Accompanied by a film crew, four faculty from the Korean school stopped in at McCormick as part of their video biography of Arthur Tappen Pierson (1837-1911), prominent preacher and evangelist who served on McCormick’s Board of Directors from 1870-1883.
Dr. Yoon Jong Yoo, Dean of Pierson School of Theology, and Associate Professor of Old Testament, Dr. Kwang Hee Lee, Director of the Pierson Memorial Bible Institute, and Associate Professor of Practical Theology, Dr. Dang Youl Cho, Executive Director of the Pierson Memorial Bible Institute, and Assistant Professor of Old Testament and Dr. Won Ryul Ryu, Assistant Professor of Preaching, visited Detroit, Chicago, Indianapolis, Philadelphia, and Boston, each a significant stopping point in Pierson’s remarkable life.
Joined by Rev. Michele Edwards, current student Peter Shin, and McCormick graduate Dr. Dae Sung Kim, along with V.P. Sam Evans, the day included an interview with Ken Sawyer, and an introduction to the Hyde Park seminaries and the Divinity School of the University of Chicago.
For McCormick Seminary, Arthur Tappan Pierson is important because he embodied the values of New School Presbyterianism well into the twentieth century, he served McCormick Seminary during crucial years, and he was a forceful advocate of women’s ministries and lay ministries. He was also instrumental in the formation of organizations (YMCA, Student Volunteer Movement, and faith missions) so important to the life of the seminary and the broader Church. He is credited with the "watchword" of "evangelizing the world in our generation."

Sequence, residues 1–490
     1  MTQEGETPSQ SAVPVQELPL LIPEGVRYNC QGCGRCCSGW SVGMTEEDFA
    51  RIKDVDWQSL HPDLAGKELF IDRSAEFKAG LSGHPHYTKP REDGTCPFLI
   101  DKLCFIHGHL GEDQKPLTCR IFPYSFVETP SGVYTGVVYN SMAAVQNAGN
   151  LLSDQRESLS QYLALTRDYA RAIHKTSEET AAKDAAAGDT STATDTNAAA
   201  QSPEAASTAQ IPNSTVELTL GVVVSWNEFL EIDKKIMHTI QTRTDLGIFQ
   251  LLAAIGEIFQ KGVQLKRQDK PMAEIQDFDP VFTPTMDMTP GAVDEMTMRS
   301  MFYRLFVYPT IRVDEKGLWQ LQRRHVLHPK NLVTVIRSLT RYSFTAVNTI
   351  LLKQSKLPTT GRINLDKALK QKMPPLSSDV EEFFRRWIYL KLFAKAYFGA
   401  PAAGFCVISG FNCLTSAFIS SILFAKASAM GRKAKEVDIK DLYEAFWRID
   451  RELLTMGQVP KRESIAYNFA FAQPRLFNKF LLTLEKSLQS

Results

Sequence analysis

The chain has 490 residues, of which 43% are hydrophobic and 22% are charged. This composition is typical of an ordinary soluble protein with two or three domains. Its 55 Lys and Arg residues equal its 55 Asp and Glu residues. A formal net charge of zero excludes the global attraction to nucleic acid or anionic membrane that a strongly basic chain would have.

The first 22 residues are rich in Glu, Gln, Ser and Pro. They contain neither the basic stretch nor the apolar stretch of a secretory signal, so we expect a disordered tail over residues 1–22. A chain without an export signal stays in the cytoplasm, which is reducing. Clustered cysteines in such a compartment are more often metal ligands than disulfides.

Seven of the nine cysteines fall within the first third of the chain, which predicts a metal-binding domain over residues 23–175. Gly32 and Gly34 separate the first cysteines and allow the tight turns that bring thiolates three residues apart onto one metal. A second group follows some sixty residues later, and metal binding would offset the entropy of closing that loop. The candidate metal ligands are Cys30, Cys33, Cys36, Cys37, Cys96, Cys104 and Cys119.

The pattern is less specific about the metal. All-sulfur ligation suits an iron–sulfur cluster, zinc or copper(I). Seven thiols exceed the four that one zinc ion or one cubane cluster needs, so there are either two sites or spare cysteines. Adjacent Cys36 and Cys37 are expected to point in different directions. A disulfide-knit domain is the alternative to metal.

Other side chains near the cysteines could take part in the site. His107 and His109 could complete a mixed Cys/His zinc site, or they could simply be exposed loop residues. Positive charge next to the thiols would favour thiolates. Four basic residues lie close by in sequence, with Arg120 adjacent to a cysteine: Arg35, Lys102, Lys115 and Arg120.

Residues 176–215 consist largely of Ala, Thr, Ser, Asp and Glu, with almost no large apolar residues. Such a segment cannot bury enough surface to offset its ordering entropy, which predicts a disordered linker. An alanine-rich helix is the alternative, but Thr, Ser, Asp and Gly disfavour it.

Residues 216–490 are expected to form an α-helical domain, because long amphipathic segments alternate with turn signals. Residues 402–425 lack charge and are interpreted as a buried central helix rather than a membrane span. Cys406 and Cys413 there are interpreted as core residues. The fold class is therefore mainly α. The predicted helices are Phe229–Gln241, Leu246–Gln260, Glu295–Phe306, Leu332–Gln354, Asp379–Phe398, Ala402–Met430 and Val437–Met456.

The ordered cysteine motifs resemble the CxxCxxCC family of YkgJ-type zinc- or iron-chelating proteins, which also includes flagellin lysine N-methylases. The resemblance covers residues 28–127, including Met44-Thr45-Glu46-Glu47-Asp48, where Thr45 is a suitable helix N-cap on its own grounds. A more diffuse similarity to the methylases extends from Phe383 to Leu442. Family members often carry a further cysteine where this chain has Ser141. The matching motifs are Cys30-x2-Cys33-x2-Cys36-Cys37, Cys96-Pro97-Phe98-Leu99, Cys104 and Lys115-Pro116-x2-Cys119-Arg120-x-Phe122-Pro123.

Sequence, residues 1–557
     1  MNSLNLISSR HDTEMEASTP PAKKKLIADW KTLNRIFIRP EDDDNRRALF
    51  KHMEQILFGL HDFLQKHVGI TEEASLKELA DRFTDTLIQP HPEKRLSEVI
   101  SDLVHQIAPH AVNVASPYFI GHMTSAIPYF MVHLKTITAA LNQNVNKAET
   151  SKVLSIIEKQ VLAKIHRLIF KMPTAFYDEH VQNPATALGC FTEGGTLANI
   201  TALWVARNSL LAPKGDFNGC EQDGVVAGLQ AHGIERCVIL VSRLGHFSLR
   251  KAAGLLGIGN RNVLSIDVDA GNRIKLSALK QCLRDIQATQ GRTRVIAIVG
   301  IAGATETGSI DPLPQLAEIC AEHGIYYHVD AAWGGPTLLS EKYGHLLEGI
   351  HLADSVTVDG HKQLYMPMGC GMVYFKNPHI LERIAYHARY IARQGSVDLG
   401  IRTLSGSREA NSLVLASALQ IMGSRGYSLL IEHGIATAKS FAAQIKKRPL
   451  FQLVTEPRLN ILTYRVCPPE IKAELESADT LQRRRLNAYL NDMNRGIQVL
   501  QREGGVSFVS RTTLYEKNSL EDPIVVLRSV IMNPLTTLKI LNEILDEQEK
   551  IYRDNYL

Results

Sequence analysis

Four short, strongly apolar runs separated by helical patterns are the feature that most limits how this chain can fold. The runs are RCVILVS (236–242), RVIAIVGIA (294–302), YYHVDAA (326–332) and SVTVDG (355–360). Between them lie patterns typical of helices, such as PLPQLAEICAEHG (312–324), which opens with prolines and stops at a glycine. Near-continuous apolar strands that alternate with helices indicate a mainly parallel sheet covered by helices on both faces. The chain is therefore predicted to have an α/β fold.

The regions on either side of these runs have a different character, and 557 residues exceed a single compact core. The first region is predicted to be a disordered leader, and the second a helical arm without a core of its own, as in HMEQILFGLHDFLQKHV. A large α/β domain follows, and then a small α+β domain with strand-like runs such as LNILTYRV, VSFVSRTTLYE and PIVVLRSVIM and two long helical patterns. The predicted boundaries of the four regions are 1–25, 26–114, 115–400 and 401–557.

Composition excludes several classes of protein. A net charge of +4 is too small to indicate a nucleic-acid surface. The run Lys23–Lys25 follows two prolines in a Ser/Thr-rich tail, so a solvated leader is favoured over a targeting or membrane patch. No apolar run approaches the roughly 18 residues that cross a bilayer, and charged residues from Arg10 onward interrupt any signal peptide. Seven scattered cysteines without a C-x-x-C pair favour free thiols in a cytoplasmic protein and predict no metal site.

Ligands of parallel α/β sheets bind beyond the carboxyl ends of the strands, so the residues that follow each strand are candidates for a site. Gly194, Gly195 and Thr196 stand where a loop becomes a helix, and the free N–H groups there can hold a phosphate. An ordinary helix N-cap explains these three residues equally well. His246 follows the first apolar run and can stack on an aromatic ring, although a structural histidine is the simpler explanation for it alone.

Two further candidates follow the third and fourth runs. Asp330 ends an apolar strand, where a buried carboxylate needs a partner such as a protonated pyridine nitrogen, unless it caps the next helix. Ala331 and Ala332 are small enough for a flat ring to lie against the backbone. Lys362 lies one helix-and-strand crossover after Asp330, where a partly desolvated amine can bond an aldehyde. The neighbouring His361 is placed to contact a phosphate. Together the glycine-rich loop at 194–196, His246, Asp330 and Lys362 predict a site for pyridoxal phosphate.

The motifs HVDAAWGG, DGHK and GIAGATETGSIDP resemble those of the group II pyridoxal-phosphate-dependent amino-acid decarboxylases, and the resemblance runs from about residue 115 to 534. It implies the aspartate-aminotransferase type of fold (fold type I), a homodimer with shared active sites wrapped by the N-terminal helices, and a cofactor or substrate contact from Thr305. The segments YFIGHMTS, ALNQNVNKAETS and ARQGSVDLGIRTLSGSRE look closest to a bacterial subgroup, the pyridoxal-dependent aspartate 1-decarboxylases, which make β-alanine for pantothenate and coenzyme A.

A.T. Pierson was named for Arthur Tappan (1786-1865), who, along with his brother Lewis Tappan, were great agitators and philanthropists in the antebellum period. The Tappans were part of many of the movements of protestant social engagement in the antebellum period. Among other projects, they were founding funders of Lane Theological Seminary in Cincinnati in the 1820s (Lane Seminary would later merge with McCormick Seminary in the 1930s). Living in New York City, and attending an abolitionist Presbyterian Church funded by the Tappans, the family of A.T. Pierson also worked for Arthur Tappan, and the family named their son in Tappan’s honor.